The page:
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Guard house mural reflects and protects Godley Head's military history


Last updated 05:00, January 8 2018

One woman's bid to beat taggers at their own game has spawned further efforts to revive Godley Head's military history with art.
New Brighton artist Bridget Allen first tried to tackle the "mindless tagging" of an old Guard House on Christchurch's Summit Rd by covering it in woodblock prints, her primary medium, in 2016.
When they didn't hold up to the weather, she started planning a mural.

"I just asked council if I could do something over the tagging and they said 'yes, as long as it references the history of the place'," Allen said.

The painting is based on a historic photograph, provided by the Godley Head Historic Trust, of a member of the Women's Auxiliary Army Corp peering down the telescope of a depression position finder, a machine that calculated where gun shells should land and transmitted that information to the guns' operators.

The photo dates back to the early 1940s when Godley Head transformed from "open country and a lighthouse" to a World War II coastal defence base occupied by hundreds, sometimes thousands, of people, trust chair Peter Wilkins said.
Wilkins, a former military man and historian, had been disappointed to see gun emplacements and soldiers' quarters become targets of vandalism in recent years.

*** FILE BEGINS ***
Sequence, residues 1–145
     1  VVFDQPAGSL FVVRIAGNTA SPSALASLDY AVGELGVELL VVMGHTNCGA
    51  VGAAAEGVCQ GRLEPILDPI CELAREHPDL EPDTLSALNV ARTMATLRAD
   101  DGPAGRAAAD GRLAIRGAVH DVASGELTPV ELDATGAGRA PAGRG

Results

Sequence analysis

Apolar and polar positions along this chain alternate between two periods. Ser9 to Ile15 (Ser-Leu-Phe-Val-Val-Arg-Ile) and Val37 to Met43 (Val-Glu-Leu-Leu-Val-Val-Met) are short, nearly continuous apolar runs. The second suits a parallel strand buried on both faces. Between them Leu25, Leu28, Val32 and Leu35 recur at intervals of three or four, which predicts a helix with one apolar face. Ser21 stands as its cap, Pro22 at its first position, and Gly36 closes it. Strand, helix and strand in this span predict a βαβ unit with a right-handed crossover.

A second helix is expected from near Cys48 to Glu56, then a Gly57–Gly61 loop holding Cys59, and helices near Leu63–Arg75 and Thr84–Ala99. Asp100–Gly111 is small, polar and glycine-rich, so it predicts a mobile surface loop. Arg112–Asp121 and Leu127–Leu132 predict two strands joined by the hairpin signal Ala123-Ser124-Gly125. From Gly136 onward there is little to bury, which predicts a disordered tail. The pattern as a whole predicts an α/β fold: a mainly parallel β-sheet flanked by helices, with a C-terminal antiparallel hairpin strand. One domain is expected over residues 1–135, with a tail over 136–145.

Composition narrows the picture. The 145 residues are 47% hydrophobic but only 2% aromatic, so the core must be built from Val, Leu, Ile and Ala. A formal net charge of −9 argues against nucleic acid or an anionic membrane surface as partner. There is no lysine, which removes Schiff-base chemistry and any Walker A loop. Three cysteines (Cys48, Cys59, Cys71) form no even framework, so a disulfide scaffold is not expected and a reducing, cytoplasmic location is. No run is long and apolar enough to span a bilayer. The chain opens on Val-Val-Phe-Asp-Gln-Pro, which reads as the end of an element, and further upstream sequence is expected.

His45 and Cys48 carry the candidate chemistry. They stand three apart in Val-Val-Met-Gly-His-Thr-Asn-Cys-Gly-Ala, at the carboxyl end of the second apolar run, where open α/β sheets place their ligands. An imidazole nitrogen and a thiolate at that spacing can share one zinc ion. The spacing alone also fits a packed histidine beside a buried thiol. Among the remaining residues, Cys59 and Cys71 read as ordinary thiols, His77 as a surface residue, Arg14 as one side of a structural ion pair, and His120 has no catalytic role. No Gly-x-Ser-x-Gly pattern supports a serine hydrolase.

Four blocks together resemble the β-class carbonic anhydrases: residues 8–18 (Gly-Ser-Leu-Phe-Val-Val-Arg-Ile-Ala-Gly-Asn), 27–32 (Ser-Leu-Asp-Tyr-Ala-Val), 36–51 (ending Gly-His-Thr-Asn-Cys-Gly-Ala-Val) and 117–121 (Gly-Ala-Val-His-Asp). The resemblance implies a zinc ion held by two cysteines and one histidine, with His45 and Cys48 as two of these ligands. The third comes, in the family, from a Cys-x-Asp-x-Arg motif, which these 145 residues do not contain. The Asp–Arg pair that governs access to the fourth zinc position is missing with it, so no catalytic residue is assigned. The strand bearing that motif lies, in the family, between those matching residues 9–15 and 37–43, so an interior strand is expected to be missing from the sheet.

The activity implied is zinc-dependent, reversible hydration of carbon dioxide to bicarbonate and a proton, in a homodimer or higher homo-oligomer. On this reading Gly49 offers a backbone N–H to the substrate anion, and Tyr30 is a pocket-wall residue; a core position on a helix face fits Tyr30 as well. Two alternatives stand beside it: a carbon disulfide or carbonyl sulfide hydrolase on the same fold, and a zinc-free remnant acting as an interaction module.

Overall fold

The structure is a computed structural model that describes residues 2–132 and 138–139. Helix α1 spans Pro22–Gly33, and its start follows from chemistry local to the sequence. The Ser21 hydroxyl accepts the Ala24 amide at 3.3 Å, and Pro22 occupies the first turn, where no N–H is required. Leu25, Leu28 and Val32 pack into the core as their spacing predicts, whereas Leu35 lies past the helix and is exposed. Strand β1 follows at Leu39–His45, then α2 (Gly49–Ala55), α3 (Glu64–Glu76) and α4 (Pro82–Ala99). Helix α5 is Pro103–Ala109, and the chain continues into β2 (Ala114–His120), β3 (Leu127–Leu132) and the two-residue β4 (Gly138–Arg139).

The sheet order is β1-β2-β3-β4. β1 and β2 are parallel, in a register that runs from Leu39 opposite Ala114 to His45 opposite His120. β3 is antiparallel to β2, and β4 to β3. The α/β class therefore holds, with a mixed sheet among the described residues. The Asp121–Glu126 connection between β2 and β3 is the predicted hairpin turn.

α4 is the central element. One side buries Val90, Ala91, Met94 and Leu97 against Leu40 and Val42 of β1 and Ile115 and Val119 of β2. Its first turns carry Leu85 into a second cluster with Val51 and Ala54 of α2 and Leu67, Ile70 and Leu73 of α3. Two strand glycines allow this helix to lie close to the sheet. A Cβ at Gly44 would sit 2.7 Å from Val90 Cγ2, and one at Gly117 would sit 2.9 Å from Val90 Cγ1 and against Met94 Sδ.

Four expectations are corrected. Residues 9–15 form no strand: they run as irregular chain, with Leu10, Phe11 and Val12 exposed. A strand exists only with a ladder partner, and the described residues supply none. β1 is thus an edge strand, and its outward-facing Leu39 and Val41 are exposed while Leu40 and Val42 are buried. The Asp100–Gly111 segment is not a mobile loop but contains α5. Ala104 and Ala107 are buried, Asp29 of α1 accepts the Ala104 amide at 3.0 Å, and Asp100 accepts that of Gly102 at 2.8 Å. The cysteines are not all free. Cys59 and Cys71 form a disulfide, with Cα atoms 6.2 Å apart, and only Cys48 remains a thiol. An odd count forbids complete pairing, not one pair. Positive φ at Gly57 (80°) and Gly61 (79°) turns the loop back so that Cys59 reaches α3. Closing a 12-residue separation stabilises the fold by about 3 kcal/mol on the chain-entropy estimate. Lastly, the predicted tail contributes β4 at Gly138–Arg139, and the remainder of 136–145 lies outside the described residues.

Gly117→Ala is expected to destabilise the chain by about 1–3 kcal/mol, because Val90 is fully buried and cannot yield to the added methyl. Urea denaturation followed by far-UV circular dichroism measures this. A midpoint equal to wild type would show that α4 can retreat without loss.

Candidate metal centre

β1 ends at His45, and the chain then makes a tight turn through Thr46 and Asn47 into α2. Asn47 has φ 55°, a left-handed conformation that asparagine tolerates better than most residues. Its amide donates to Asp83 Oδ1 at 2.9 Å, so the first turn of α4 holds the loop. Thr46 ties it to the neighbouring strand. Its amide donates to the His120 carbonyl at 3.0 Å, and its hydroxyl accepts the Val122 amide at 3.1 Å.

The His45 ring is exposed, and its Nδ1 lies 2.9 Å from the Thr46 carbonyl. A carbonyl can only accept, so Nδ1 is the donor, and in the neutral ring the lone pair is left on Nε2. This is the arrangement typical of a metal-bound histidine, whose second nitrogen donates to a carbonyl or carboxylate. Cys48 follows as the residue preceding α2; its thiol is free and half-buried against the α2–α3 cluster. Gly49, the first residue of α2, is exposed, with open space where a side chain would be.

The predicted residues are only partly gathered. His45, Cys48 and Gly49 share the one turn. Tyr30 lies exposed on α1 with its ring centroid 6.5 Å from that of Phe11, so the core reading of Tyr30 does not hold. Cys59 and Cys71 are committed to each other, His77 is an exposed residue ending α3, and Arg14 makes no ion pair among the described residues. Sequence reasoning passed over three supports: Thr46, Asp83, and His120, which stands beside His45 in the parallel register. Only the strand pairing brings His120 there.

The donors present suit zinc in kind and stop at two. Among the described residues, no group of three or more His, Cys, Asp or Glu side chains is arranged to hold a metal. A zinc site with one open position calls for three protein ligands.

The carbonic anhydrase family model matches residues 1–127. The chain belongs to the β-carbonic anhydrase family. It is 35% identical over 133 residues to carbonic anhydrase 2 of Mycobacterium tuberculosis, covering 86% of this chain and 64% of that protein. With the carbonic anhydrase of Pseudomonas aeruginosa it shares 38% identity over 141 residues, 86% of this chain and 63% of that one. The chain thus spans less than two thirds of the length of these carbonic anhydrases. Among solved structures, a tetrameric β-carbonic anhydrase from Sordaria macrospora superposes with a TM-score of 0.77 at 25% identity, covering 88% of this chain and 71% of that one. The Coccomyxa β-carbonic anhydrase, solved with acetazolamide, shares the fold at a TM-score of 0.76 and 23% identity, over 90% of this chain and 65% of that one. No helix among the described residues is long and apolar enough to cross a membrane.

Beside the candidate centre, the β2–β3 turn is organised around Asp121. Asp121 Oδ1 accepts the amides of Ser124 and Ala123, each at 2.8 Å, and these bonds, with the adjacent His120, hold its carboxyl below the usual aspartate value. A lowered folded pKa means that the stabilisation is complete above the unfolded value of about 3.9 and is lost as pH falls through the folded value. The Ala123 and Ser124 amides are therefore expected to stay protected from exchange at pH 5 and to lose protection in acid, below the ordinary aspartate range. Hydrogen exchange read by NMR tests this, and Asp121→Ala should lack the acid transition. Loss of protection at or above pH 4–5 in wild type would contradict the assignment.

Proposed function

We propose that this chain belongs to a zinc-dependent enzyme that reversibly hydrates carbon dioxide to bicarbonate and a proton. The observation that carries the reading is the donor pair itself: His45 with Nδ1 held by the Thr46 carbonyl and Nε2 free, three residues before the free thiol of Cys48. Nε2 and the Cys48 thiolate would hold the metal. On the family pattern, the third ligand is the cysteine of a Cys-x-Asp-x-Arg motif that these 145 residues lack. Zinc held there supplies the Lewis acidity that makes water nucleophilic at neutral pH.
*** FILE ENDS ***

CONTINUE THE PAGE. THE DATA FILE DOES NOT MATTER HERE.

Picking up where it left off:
He believed good graffiti art would be respected by taggers and left alone.

"We hoped, rather than get heavy-handed, to adapt to it. We have to move with the time, which is quite hard when you're as old as I am," the 75 year old said.

"[Allen] is going to make an effort to show people what it can look like, what it represents, and a damn good example for future developments."
Allen hoped to "build people's stories of the area" from February, when she would establish a print-making space in the Sergeants Nest, a former dining hall, and the Godley Head Historic Trust was now turning the defence battery's radar room into a small museum.

Allen hopes to establish a print making studio in the Sergeants Nest at Godley Head in February.

Wilkins said the art was "a link between reality and imagination" and although the Summit Rd work might not be everyone's cup of tea, it helped keep history alive.
"We want to get people to understand that their grandparents and great-grandparents survived there in a very worrying era.
"If you can tell people that, the implications and the intentions, then even the most cellphone-tapping youth might get a link with that area."
 - Stuff


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